World Cultures Resonate at PIFF

Film festival is a showcase of fresh perspectives

Darleen Ortega | 2/20/2018, 1:55 p.m.
There is still a full week to go in the Portland International Film Festival -- Here's some of what I've ...
A poignant and truthful film about children and loving adults processing trauma is captured in the film ‘Summer 1993,’ (left) and love and good teaching connect in ‘Miss Kiet’s Children,’ (right) two films bringing fresh perspectives on world cultures at the Portland International Film Festival, continuing through March 1.

There is still a full week to go in the Portland International Film Festival -- and some of the films that have already finished their screenings will appear in theaters soon. Here are some of what I've seen so far.

“Miss Kiet’s Children” has garnered a lot of comparisons to another wonderful film about a classroom where love and good teaching happen, the French film “To Be and To Have.” Like that film, this one, set in a classroom in a small town in Holland, simply observes the transformation of the children in that setting. But this particular classroom, for reasons never explained, contains mostly children of asylum seekers from Syria and other parts of the Middle East. The patient and clear-eyed teacher, Kiet Engels, may or may not always understand why a student is crying or asking her to call her mother or has his head down on his desk. But she does provide loving attention and good pedagogy, about math and the Dutch language and also about kindness and good boundaries and self-respect, and she builds enough trust that sometimes we learn the little bits of truth that children can share that provide concrete hints of the trauma they all carry. The filmmakers wisely and simply just invite us to observe the transformations, big and small, that are possible in such a space—most movingly in brief, patient interactions with Engels, in little shifts toward kindness and self-control with their peers, and, especially, in physical movement exercises that are such telling evidence of what is happening in a child’s heart. A final scene in which the movement happens on stage left me in a puddle, and restored my hope. It screens again on Saturday, Feb. 24.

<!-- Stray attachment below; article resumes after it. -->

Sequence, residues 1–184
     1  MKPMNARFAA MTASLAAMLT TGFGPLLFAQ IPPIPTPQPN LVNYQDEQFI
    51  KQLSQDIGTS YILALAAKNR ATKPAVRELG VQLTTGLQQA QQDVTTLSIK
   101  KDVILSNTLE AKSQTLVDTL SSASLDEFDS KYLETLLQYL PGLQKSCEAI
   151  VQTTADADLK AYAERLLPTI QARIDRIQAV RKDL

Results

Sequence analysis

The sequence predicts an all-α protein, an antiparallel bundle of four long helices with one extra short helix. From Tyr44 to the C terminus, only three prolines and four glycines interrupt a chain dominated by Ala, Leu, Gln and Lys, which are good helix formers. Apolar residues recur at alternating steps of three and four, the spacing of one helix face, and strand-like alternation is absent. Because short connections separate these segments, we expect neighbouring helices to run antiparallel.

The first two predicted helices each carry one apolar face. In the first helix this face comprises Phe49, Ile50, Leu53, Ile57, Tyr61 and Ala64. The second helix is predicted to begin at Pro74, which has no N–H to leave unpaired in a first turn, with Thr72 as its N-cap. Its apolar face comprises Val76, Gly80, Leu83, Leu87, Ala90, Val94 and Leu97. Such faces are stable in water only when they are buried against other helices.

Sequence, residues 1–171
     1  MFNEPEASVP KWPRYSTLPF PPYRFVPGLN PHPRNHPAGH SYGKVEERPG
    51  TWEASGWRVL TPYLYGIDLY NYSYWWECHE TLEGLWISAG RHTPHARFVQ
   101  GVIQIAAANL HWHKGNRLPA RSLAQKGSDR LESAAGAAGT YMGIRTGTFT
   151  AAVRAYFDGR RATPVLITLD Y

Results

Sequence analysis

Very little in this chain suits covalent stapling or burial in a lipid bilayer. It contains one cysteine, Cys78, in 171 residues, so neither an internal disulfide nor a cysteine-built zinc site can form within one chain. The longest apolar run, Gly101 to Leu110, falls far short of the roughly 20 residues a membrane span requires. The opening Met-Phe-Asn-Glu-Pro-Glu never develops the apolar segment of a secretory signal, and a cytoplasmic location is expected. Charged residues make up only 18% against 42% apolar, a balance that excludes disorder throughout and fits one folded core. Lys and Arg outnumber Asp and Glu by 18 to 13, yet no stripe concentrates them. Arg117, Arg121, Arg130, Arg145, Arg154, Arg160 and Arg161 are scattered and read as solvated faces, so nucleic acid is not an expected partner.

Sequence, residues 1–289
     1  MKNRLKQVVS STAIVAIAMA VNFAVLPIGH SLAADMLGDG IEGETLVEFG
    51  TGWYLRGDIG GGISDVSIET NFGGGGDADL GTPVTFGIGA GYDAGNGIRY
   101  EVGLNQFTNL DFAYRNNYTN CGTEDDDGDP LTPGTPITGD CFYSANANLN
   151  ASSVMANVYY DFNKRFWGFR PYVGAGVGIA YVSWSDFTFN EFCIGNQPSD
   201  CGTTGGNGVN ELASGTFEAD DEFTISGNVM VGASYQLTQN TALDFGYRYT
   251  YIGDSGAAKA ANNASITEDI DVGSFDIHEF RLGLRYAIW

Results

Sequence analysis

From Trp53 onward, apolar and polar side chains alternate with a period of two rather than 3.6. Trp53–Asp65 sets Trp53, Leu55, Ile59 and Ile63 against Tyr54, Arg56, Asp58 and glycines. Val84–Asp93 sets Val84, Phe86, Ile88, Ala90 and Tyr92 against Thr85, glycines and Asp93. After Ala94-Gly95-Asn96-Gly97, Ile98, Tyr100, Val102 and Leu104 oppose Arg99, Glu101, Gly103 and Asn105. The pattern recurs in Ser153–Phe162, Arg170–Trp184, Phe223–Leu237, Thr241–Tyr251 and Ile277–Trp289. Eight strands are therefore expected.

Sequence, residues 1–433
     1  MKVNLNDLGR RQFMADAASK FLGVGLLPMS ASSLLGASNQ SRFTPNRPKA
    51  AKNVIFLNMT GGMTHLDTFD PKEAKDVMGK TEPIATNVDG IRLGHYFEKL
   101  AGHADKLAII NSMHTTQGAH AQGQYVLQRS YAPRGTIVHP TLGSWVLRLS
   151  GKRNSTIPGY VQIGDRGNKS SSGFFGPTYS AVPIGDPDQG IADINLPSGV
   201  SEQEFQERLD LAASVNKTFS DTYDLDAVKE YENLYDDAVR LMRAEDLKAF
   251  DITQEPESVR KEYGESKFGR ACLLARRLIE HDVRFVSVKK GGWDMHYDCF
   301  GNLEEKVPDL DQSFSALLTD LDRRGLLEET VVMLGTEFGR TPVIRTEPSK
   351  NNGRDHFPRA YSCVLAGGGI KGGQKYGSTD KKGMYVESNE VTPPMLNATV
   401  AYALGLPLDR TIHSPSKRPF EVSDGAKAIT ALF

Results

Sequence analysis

"On the Beach At Night Alone" is recognizable as the work of Korean director Hong Sang-Soo. It veers toward angst, is low on plot, and doesn't necessarily present a chronological narrative; it also features Hong's frequent muse, actress Kim Min-Hee, with whom Korean tabloids had been reporting he was having an affair at the time this film was made. Upon its release, the director, whose marriage was ending, confirmed that he and the actress are indeed in love--and the film is gutsy on both their parts in that light. What story it contains focuses on a young actress in the aftermath of an affair with a married film director. Kim is, as always, compelling in her quirky directness and, as usual, has choice words for those around her after a few drinks. There is also a scene with the character of the film director -- and the pain of each is evident, though not necessarily sympathetic. An interesting window into Korean culture with a compelling lead performance, it plays again on Wednesday, Feb. 21.

"Ice Mother" offers a rare opportunity to see a film centering on a woman in her 60s who is interesting and is undergoing a significant change in perspective. Hana lives alone in the Prague home she shared with her deceased husband, and appears to be devoting all her energy to maintaining his standard of living and indulging their two ungrateful grown sons. There really isn't any room for her to have opinions and interests -- and yet, after a chance meeting with Brona, an unpretentious and genial ice swimmer, she finds a drive for independence and a group of friends. Her sons don't find either her new friends or her activities up to their standards, yet the shift in Hana eventually requires a shift in them too. In many ways this is a slight film; the sons and their wives are a bit crudely drawn as characters, and the conflicts are consequently a tad underdeveloped. But Hana is the focal point here and, as played by Zuzana Kronerova, she feels refreshingly real.